Since the launch, though, we now use fonts way outside what we normally would. We’ll use whatever we think is appropriate for an editorial feature – from free Google Web Fonts to something from H&FJ – whatever will evoke or complement that content. And we’ve actually started doing the same on SB Nation and The Verge as well. It’s a direction that none of us anticipated at the time, but I’d say it’s really upped our game over the past six months in terms of our ability to blend type and make good type choices.
Does that mean your team has to be a lot more involved in the daily publishing?
At the minute we’re experimenting with adding design resources and embedding them into the editorial process – in order to give the sites a higher quality feel. And I’m curious to see how that works over time.
So right now each site has a dedicated features designer. For The Verge, we have two people. And we have tiers of features – from high touch to low touch. For the low-touch features we have these things in our platform, Chorus, called snippets that let the editors piece together a beautiful feature on their own. Then on the high touch ones, our designers will play around with parallax, add a fixed background, or change the typography if they want. I think we average about one or two high-touch features per week for each site.
Although both sites have received a lot of love from the design community, not all SB Nation fans were delighted with the relaunch. How’d you guys deal with that?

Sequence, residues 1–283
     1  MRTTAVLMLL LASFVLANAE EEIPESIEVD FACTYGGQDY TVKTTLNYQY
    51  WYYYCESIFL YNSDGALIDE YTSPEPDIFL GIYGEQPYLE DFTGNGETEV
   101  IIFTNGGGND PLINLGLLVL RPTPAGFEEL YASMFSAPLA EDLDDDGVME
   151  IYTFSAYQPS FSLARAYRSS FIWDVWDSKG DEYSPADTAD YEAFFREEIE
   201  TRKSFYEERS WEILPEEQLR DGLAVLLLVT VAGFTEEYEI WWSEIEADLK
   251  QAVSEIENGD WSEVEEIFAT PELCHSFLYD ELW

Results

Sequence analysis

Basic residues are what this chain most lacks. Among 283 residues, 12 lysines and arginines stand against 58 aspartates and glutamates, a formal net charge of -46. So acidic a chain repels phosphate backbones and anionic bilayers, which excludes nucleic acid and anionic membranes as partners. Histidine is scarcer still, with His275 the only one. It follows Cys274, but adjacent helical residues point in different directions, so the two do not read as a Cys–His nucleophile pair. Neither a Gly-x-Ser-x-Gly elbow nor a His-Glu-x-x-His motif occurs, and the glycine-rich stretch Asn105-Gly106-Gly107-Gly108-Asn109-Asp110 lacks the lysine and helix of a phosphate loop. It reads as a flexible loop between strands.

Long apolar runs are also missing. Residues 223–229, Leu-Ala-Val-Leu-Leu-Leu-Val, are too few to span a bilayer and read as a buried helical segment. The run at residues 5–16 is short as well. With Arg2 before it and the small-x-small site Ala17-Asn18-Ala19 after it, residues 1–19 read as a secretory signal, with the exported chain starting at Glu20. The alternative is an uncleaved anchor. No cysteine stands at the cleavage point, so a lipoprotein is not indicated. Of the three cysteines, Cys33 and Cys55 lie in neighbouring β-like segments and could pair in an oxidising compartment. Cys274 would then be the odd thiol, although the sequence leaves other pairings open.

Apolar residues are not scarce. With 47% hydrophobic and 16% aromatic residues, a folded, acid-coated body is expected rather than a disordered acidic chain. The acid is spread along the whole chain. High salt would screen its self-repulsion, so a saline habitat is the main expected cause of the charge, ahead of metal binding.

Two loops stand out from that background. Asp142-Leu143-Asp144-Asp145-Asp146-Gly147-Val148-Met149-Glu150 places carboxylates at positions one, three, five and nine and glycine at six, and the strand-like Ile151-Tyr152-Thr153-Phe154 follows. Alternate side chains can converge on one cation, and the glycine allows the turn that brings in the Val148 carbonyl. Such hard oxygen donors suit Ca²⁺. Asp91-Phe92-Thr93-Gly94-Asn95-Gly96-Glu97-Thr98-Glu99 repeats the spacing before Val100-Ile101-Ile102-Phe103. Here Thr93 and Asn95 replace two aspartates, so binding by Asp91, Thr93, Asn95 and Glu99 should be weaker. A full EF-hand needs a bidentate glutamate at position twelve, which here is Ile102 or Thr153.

There was some consternation among our most vocal users and bloggers, so our director and product team quickly engaged with them in the comment threads to figure out where the major pain points were and come up with solutions that would serve our users better and show them that, not only are we listening, but we are in this together with them.
For example, when we slightly changed the tone of yellow used in our unread comments, people noticed and the amount of feedback we got on that was unbelievable. So we tweaked that.
We’d also had this idea of getting away from a traditional right rail, so the page on the redesign flowed literally like a river. We bounced traditional right rail content back and forth from left to right to left and so on. We thought we’d end right rail blindness, but what we ended up doing was making the site less scannable for the users.
We did a bunch explorations to avoid going back to right rail, but in the end we decided to just embrace it and make it super useful for our readers.
We understand why some of our more passionate users reacted so strongly to the redesign. As users of websites ourselves, when sites you love change you think “‘What the shit did they just do?!” We’re continuing to evolve it, but it was a good learning experience for all of us.
During the SB Nation and Polygon projects, you ended up refining your design approaches. How did what you learned during that time end up shaping your current workflow?